A Study to Assess the Ability of 2% Lidocaine Gel to Reduce the Discomfort of Urethral Catheterization
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|ClinicalTrials.gov Identifier: NCT01690767|
Recruitment Status : Completed
First Posted : September 24, 2012
Last Update Posted : March 27, 2015
|Condition or disease||Intervention/treatment||Phase|
|Urinary Tract Infection||Drug: 2% lidocaine gel Drug: Health Care Lubricating Jelly||Phase 2|
An estimated 10% of children 0-24 months of age that present to the emergency department (ED) with fever and/or vomiting have a urinary tract infection (UTI). An accurate diagnosis of a UTI ensures timely and appropriate treatment given to reduce the risk of renal scarring, which is the greatest in this age group. To ensure diagnostic accuracy, urethral catheterization is the preferred method to obtain a urine sample from a young child. In contrast to adults, most children do not receive local analgesia for urethral catheterization; despite growing recognition that children experience avoidable pain and discomfort during invasive procedures.
Following informed consent, participants will be randomized by block randomization in a concealed fashion to receive either topical and intraurethral 2% lidocaine or standard of care using a computerized random number generator. The research nurse will access a sequentially numbered, opaque sealed envelope that will contain the participant's group assignment. No adjunctive analgesic methods will be used. A research pharmacist will prepare 2% lidocaine gel in a 3 cc syringe attached to a 24 gauge angiocath. Children < 7 kg and > 7 kg will receive 1 cc and 1.5 cc, respectively (2).
The entire procedure will be videotaped and participants pain will be scored using a brow bulging score and visual analogue scale by independent, blinded raters.
|Study Type :||Interventional (Clinical Trial)|
|Actual Enrollment :||133 participants|
|Intervention Model:||Parallel Assignment|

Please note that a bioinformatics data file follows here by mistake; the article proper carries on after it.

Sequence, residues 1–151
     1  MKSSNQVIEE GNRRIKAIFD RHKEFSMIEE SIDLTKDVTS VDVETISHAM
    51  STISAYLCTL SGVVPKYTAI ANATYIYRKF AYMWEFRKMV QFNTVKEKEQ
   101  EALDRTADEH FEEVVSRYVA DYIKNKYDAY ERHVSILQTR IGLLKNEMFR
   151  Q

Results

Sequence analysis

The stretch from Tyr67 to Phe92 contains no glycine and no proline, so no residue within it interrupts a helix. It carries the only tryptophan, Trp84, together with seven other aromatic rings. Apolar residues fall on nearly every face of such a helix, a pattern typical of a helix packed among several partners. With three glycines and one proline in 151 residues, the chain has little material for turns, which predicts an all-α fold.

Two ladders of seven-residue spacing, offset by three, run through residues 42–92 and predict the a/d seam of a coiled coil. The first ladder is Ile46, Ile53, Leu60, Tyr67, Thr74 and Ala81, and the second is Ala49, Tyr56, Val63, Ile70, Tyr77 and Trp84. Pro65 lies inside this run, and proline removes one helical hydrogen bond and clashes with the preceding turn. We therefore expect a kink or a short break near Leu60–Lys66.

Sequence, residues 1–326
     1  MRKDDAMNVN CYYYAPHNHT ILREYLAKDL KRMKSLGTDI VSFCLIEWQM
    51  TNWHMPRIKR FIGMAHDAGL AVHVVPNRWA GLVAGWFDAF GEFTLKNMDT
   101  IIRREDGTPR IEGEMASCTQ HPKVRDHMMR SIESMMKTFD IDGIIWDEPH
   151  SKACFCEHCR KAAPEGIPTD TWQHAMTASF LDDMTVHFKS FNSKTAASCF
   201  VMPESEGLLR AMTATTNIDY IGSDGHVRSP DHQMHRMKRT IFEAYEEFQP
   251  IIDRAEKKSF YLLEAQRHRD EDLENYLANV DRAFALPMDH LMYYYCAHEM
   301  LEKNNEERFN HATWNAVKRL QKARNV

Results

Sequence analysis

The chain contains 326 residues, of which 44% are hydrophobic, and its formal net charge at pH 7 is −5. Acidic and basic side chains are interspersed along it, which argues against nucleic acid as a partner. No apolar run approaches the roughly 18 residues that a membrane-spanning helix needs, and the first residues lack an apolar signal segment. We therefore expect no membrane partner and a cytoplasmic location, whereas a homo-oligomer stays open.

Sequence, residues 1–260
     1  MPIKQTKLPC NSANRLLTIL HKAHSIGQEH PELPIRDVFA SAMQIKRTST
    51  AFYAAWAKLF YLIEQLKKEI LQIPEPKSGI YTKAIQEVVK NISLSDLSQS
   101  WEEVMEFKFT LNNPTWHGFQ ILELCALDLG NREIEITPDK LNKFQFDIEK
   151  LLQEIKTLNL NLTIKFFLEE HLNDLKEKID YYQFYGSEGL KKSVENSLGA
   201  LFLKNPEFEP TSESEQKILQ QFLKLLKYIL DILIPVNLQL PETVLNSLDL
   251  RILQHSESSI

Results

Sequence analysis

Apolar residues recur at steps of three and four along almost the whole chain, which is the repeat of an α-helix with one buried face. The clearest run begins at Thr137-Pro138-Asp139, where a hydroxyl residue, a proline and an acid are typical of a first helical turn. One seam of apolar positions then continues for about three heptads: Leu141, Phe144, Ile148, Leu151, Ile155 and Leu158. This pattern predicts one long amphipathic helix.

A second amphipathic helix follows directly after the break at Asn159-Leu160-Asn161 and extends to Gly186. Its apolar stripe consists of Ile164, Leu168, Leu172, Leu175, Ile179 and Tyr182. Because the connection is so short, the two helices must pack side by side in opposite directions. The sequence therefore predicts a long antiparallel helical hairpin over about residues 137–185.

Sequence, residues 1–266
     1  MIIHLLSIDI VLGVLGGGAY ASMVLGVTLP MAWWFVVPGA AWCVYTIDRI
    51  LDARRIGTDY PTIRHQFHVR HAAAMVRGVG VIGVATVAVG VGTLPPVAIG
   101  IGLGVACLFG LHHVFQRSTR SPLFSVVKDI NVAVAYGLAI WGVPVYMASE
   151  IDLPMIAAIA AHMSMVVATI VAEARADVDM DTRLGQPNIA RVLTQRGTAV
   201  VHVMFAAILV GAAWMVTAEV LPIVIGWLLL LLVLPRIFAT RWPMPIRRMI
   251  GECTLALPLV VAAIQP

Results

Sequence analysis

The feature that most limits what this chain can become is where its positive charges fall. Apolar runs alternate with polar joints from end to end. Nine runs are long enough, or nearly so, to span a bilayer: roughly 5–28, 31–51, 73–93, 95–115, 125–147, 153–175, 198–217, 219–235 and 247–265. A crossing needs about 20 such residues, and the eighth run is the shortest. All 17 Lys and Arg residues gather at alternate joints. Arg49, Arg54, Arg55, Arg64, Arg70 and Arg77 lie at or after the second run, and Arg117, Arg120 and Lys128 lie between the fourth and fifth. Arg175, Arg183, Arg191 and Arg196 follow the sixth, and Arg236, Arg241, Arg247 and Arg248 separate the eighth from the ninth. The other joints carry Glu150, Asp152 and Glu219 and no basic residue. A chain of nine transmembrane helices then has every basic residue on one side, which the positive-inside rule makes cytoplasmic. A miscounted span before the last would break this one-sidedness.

|Masking:||Single (Outcomes Assessor)|
|Official Title:||A Randomized Blinded Controlled Trial of 2% Lidocaine Gel Compared to Standard of Care in Children Undergoing Urethral Catheterization|
|Study Start Date :||December 2011|
|Actual Primary Completion Date :||December 2014|
|Actual Study Completion Date :||December 2014|
Experimental: Topical and intraurethral 2% lidocaine
2% lidocaine gel will be applied for 5 minutes to the external urethral opening. This will be followed immediately by 2% lidocaine gel administration into the urethra using a 24 gauge angiocath for 5 minutes prior to catheterization for urine specimen collection. Children < 7 kg and > 7 kg will receive 1 cc and 1.5 cc, respectively.
Drug: 2% lidocaine gel
Children < 7 kg and > 7 kg will receive 1 cc and 1.5 cc of 2% lidocaine gel, respectively
Other Name: Lidocaine
Active Comparator: Standard of care
According to standard nursing practice, the urethra will be catheterized without anaesthetic gel but using lubricant gel only. Intervention is Health Care Lubricating Jelly.
Drug: Health Care Lubricating Jelly
Non-medicinal lubrication gel
Other Name: Muco
- Brow Bulging Score [ Time Frame: 30 seconds post intervention compared to baseline ]The presence of brow bulging will be scored in 2-second intervals for the first 30 seconds for each of the six phases. The percentage of time that brow bulging is observed will then be calculated for each phase.
- Facial grimacing score [ Time Frame: 30 seconds post intervention compared to placebo ]The presence of brow bulging, nasolabial furrowing and eyes squeezing shut will be scored in 2-second intervals for the first 30 seconds for each of the six phases. The percentage of time that all three of these features is observed will then be calculated for each phase.
To learn more about this study, you or your doctor may contact the study research staff using the contact information provided by the sponsor.
Please refer to this study by its ClinicalTrials.gov identifier (NCT number): NCT01690767
|Children's Hospital, London Health Sciences Center|
|London, Ontario, Canada, N6C 2V5|
|Principal Investigator:||Naveen Poonai, MD, FRCPC||University of Western Ontario, Canada|